As an educator, I deal with colleagues who recoil at the idea of armed police officers in school, as though the mere presence of authority, particularly armed authority, somehow poisons a mystically pristine educational atmosphere. I have heard others argue that teachers are untrained and unqualified to carry firearms, and as such would be tempted to misuse them, or would be more likely to harm themselves, or others, or to be shot by the police in a school attack. I have heard some argue that students will steal teachers’ guns.

However, the most fervent argument I’ve encountered — and only after the Newtown shooting — suggests that teachers must focus 100% of their energy and attention exclusively on teaching. Therefore, they cannot be expected to assume the same duties as school liaison officers, including engaging and stopping school shooters.

Some have gone so far as to suggest that teachers would be particularly bad at even recognizing that a shooting was happening, so oblivious to their surroundings does teaching make them.

This misconception is a related to the idea that anyone carrying a gun on school grounds must be trained to the same level — and must assume the same focus and duties — as a certified police officer, or else they are a tragedy waiting to happen.

No. Armed school staff should have precisely the same duties and responsibilities as any citizen with a concealed carry permit.

They are responsible for keeping their weapon safe, secure, and concealed, and on their person at all times. A handgun locked in a desk or in an armory in a principal’s office suite is of no use to a teacher meeting an armed killer in a hallway or on a playground.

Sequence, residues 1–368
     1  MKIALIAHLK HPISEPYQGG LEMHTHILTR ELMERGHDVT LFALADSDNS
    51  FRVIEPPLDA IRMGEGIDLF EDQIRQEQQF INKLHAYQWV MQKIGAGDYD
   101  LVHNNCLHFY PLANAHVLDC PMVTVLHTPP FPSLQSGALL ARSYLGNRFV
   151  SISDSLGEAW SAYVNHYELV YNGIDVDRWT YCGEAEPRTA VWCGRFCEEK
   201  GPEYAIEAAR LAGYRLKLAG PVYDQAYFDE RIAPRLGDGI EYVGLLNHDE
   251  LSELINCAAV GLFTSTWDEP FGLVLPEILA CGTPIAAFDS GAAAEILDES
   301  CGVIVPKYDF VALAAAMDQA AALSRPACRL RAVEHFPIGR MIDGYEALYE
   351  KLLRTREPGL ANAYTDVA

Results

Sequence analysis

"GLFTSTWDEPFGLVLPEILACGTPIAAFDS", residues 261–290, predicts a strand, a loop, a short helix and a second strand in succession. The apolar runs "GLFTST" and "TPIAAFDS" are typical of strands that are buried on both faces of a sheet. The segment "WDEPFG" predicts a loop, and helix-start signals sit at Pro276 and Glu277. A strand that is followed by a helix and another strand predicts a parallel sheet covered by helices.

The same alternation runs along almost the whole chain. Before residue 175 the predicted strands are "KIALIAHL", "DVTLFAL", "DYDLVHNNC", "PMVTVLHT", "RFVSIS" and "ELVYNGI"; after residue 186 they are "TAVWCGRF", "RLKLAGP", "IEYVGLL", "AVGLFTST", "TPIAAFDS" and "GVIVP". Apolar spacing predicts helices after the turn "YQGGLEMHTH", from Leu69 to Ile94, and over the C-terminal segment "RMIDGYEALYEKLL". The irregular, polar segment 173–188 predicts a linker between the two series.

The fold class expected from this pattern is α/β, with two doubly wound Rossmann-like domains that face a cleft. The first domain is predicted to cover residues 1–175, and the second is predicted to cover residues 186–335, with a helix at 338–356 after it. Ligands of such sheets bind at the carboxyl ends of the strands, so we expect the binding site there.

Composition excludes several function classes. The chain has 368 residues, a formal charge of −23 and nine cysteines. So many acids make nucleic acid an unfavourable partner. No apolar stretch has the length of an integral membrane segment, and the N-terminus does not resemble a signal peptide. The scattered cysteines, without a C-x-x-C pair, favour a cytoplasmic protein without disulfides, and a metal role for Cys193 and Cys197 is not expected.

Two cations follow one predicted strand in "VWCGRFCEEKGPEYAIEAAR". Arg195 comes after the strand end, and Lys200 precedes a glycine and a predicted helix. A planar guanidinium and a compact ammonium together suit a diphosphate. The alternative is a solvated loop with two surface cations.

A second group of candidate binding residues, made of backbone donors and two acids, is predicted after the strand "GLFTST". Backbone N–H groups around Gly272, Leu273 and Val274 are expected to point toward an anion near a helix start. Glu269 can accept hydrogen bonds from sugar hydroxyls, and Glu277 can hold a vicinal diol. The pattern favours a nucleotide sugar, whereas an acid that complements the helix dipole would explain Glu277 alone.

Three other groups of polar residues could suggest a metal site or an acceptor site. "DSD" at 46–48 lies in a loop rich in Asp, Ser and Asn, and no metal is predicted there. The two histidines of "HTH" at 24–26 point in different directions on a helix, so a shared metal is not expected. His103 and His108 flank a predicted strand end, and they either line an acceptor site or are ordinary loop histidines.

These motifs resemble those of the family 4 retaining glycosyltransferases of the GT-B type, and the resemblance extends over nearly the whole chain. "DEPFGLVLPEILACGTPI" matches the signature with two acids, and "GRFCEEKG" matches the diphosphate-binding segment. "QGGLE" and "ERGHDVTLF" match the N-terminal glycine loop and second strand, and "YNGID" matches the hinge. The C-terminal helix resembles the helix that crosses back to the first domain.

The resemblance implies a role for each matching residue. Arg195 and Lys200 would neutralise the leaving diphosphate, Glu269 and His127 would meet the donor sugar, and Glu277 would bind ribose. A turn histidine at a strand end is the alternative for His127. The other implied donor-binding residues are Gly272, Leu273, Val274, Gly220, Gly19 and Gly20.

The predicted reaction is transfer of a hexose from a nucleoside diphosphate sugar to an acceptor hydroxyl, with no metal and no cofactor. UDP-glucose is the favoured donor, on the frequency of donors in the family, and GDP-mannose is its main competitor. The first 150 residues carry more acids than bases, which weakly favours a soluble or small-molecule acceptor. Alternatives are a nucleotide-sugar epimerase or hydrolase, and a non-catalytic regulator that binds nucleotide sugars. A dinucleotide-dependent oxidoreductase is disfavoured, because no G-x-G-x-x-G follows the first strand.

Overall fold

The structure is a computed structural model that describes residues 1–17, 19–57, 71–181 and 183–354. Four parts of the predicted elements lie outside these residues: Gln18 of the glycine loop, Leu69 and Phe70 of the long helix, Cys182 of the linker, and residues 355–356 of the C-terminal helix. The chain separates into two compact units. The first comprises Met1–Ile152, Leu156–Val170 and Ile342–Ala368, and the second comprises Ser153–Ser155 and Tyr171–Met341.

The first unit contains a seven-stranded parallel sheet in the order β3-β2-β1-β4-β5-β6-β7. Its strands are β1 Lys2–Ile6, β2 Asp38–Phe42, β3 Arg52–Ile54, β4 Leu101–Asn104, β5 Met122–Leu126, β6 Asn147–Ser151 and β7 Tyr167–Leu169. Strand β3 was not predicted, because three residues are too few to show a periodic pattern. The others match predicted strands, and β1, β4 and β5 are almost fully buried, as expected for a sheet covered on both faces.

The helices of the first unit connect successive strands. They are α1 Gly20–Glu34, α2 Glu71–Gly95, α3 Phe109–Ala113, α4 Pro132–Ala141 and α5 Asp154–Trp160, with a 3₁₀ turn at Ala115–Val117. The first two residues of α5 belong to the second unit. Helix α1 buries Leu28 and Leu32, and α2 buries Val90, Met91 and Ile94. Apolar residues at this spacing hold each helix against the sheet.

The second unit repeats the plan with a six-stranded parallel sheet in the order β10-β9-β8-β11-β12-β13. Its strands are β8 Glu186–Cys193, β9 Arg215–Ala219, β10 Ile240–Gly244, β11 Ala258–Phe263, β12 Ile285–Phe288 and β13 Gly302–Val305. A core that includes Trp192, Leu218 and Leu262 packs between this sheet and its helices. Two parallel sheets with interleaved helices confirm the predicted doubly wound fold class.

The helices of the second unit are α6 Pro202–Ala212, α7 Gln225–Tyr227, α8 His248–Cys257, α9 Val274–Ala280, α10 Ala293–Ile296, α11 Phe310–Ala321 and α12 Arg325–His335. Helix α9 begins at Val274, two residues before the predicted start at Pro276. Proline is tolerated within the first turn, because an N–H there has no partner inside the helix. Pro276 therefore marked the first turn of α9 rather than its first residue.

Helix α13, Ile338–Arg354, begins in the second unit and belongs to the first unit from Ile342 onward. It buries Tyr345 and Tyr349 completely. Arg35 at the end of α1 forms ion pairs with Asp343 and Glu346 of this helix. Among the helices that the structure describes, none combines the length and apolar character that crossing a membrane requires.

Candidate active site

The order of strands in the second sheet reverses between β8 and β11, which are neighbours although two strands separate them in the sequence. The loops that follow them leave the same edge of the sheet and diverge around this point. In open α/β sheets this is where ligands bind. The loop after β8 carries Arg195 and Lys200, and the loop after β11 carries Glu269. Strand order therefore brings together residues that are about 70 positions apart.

Above all, they will know to use their handgun only in circumstances where it is necessary to stop the imminent threat of serious bodily harm or death to themselves or others. And that is all.

Police officers undergo lengthy and rigorous training because their jobs encompass far more than this simple directive, whereas armed citizens and teachers need know only two primary things: the law relating to the possession and use of deadly force, and how to shoot straight.

Additional training along these lines is desirable, but if required, will prevent some teachers from being able to save their lives and the lives of students.

The entry qualification should be precisely the same as for any concealed carry license holder. Teachers should in fact be already almost entirely qualified, for like license holders, they have been fingerprinted, photographed, and undergone extensive background checks.

Unlike license holders, they must have at minimum a bachelor’s degree, and must undergo additional extensive testing. The only qualification most teachers lack would be any state-required training course or shooting qualification.

A cornerstone of this policy must be correct publicity. Making the public aware a given school district allows and encourages its staff to carry concealed weapons confers on every school, whether anyone is carrying or not, the benefits of deterrence.

Properly chosen by and for individuals, concealed handguns are quite invisible: this is another strength of concealed carry. Because no criminal can know who is carrying a handgun, they must assume that everyone could be. Just about anywhere in America except schools, this is also the case.

Consider the cognitive dissonance of those who argue that teachers can’t be expected to take extra time to qualify for concealed carry: recall that they already spend hours on “run and hide” drills, hiding students behind locked and easily breached doors to fearfully wait and hope that a killer will not find them. This dependence on the lack of competence and marksmanship of madmen (as well as their mercy) is not a strategy.

Consider too those who argue that teachers aren’t smart enough to understand what is happening, and will thereby shoot innocents. When a school attack occurs, and this was very much the case at Sandy Hook Elementary, the victims knew exactly what was going on. When the killer was shooting his way into the school, if one or more staff had been armed he could have been immediately stopped. No one had to die that day; no one has to die in any school.